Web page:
This topic can be a bit of controversy here but these are my opinions, as this is my blog. I know what I believe and I know what works.
As we are heading into our “Season of Improvement,” a lot of athletes will do a variety of activities during their “season of improvement,” such as mountain biking, strength training, yoga, mobility work and run a marathon. This is a conversation between a coach and their athlete, who is doing their 1st Ironman:
Athlete: “I am going to do a marathon before I do my Ironman.”
Coach: ”OK. Why?”
Athlete: “I want to see how fast I can go and run the distance.”
Coach: “Do you think you can run your best alone marathon time after you swam and bike in your Ironman? I don’t believe Christian Bustos* did that in Kona in 1992.”
Athlete: ”Well, I have never done a marathon before, so I feel that I need to do one before my Ironman. There is a marathon in the Ironman.”
Coach: ”I realize that. I understand that reasoning. My concern is the recovery time from the marathon, along with possible injuries.”
Athlete: “What do you suggest? To do a marathon or do not do a marathon?
Coach: “DO NOT do a marathon.”
That coach is me. Here are my reasons of why athletes should NOT do a marathon before their Ironman:
1. Recovery time:
Recovery time from a marathon is about 4-6 weeks. Everything in your body is in recovery mode…muscles, tendons, joints, ligaments, immune system, etc. Whether you set a PR for your marathon or you did your first, it is all the same.
There is a scientific study that has taken part in the calf muscle, pre, and post-marathon. The study showed that there was damage done during the marathon. The study explained that training for the marathon and during the marathon showed inflammation of the calf muscle, along with rhabdomyolysis, which is damaged skeletal muscle is breaking down at a fast rate, along with the possibility of having urine in the blood.
Have you ever got a cold or upper respiratory infection after a major event or race? Yes, your immune system is severely damaged. Check out this study about marathon training and immune function.
2. Possibility of Injury:
Training for a marathon is very hard on the body. The body is in a constant motion for 26.2 miles. For example, running is you and the road. You have to push your body through space and time. When you are swimming, you have the water to help you stay afloat (well for some). When you are cycling, you have a bike, to help you go through space.
As a triathlete getting ready for a marathon, you may plug in some swims and bikes but your focus will be 4-5 days of running. It takes a longer time to recover from a run, then it would from a swim or bike. Every time you hit the ground, think about how the ankle, hip, and foot absorb your body weight. There are numerous studies about injuries and running a marathon. Check these ones out: Risk Factors for injuries… or Injuries Sustained by Runners…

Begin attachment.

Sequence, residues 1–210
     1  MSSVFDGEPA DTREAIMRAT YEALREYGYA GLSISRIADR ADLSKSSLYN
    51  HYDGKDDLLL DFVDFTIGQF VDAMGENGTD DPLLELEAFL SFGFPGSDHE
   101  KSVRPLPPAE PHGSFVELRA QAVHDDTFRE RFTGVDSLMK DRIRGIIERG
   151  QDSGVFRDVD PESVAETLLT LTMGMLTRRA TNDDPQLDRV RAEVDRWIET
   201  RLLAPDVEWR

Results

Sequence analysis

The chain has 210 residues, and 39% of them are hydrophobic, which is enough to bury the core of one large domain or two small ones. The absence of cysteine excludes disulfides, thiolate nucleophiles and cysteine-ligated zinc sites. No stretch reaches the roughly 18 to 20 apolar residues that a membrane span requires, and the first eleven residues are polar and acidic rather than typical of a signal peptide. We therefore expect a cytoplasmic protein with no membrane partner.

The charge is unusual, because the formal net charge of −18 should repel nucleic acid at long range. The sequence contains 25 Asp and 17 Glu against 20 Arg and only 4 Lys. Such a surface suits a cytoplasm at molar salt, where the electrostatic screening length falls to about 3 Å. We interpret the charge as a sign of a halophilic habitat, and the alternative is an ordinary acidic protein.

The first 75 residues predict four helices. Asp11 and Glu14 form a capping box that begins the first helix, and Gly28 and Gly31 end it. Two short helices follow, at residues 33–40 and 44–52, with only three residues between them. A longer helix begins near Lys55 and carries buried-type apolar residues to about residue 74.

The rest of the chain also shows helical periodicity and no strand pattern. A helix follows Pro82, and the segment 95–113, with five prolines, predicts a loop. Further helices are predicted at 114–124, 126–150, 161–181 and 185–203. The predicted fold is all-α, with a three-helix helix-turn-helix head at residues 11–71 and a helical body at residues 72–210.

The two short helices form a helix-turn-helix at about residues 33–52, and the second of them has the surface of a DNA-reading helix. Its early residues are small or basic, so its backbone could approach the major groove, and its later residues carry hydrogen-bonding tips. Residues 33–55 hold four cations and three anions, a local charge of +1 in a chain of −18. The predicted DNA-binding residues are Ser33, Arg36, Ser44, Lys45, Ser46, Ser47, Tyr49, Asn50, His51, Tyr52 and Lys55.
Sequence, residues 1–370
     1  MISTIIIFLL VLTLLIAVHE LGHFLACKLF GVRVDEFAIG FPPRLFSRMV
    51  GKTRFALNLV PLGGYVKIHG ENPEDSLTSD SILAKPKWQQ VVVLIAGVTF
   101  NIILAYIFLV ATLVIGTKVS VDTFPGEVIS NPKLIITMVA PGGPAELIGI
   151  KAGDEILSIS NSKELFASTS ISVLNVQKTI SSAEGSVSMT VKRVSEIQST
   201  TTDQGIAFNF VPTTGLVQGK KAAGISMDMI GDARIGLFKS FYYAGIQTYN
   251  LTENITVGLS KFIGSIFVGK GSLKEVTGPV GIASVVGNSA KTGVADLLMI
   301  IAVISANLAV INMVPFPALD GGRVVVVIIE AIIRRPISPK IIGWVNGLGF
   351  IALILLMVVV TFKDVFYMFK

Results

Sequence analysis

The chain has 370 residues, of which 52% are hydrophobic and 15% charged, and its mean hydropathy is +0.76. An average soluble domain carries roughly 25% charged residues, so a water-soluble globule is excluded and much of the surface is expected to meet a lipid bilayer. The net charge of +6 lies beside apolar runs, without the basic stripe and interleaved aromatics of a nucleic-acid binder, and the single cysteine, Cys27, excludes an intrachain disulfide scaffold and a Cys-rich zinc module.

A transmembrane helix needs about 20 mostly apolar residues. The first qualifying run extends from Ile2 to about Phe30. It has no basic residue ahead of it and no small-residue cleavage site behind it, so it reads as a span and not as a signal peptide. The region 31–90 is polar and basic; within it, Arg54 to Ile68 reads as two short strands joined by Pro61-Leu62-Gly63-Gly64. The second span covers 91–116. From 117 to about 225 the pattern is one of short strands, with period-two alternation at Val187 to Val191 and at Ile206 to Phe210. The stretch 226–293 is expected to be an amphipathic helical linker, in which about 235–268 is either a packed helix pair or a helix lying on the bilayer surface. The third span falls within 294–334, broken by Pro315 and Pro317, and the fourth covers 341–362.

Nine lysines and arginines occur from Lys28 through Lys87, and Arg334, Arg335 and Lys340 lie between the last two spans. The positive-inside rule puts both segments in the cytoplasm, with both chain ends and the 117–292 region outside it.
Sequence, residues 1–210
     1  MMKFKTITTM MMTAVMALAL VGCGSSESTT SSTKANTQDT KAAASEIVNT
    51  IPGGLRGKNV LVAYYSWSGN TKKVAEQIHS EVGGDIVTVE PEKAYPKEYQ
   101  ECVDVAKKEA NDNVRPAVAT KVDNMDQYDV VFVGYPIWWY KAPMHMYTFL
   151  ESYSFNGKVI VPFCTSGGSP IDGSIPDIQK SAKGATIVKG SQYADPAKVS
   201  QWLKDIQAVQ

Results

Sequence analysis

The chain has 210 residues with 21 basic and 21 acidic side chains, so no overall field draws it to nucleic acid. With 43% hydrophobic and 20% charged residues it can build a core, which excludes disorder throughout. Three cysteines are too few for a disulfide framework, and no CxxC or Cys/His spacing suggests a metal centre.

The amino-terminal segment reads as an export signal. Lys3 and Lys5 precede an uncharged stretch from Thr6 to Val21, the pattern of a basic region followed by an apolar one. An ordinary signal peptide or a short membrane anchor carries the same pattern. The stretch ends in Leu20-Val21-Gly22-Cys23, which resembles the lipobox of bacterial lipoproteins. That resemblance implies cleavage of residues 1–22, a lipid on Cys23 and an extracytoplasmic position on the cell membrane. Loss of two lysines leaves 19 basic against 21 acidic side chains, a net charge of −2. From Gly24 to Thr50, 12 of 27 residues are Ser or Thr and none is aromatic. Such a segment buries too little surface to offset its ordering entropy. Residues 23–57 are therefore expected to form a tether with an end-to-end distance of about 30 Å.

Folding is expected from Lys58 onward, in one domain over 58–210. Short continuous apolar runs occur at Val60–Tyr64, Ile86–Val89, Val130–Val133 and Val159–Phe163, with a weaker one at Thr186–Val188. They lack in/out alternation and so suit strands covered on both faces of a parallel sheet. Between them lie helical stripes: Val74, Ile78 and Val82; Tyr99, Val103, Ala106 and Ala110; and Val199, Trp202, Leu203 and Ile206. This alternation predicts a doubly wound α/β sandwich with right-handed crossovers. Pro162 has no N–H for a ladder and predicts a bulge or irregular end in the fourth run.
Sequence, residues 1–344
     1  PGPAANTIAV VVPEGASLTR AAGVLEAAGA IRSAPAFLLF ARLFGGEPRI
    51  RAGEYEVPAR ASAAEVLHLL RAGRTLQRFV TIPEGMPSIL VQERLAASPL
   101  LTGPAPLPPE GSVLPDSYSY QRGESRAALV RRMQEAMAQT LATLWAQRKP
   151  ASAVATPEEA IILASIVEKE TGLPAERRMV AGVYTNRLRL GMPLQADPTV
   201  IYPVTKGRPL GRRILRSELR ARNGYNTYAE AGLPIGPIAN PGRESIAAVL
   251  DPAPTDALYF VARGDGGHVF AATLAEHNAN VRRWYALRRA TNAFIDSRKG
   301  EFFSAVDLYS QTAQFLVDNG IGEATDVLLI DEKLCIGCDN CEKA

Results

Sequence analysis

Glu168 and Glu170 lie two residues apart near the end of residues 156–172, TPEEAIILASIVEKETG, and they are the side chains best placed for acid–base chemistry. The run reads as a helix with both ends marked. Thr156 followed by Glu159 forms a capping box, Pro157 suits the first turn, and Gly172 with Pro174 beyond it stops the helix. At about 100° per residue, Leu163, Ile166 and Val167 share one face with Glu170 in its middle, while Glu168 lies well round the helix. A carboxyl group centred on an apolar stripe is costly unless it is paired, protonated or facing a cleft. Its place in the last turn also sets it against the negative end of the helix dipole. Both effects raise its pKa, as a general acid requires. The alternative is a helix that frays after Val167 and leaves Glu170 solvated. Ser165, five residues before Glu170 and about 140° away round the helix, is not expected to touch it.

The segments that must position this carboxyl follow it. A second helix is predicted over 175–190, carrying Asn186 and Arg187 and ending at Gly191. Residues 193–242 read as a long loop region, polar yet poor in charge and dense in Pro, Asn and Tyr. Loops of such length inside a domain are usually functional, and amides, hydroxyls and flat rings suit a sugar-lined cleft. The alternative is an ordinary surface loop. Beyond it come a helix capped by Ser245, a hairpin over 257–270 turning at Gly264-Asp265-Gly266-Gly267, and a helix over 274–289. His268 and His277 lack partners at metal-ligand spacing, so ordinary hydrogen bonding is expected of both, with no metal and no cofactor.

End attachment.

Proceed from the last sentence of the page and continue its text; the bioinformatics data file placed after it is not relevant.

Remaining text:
3. Lose Quality Training time for the Ironman :
Let’s say your Ironman is in May. You did a marathon in December. It takes you about 4 weeks to recover, which puts you in January. We are starting to increase your swims and your long bikes. Starting in January, you should be getting into your 4-hour bikes for the Ironman but this is what happens…
The body is fatigue. The mind is fatigued. You may not have the desire to get outside for those long bikes. We are losing some quality bike workouts for your Ironman. You may not have the desire to push yourself.
4. Training for a fast marathon will NOT benefit you for your Ironman:
Running a stand along marathon is completely different than running a marathon after a swim and a bike. Your Ironman run will be slower than your marathon time. Check out Timothy Noakes, “Lore of Running.” He has 15 Laws of Training. Check out #7, “Don’t Race When in Training…” Noakes explains that when you race, you race. Don’t race an event or do a “time trial” before your main race (i.e. Marathon vs. Ironman). “Racing, then, should be only the time-trials, and should only be run every two, or preferably three, weeks apart…six weeks between events would be more suitable for a marathon runner, but once every two months is probably better,” says Timothy Noakes. (Remember he is talking about running but a lot of his laws apply to triathletes).
*Who is Christian Bustos you ask? Christian Bustos ran a 2:16 stand-alone marathon in Frankfurt, Germany. At Ironman Kona in 1992, Bustos was on Mark Allen’s tail for 14-15 miles straight until he puttered out clocking a 2:49 (6:27/mile pace) Ironman marathon time. Mark Allen clocked a 2:42:18 (6:11/mile) that day. I am not sure if Mark Allen has done a straight out marathon. My point is, you will not be able to run a stand-alone marathon pace during your Ironman.
What do I suggest for your offseason?
- Strength Training: Click HERE for the search link to “Strength Training” on my blog. You will see a #SHITTON of information. Start building those antagonists (opposite) muscles in the gym, that you don’t use for the swim, bike and run.
- Work on Mobility: Check out Kelly Starrett’s Mobility WOD Tons of great stuff for athletes.
- Sign up for a Masters Swim group: Want to improve your swimming? Swim with FASTER people.
- More Strength Training…
- Find YOUR Zen. Read. Hang out with friends and family. Go to a movie. Clean those headboards. Focus on your recovery from a successful triathlon season.
I understand why new Ironman triathletes want to do a marathon before they actually do one. It is for the mental aspects that they can complete a marathon.
Let’s look at your off-season…let’s start looking at quality workouts versus quantity workouts. Let’s start looking at enjoying life for 2 months and do something different because, in January, you will be right back at it getting ready for your Ironman!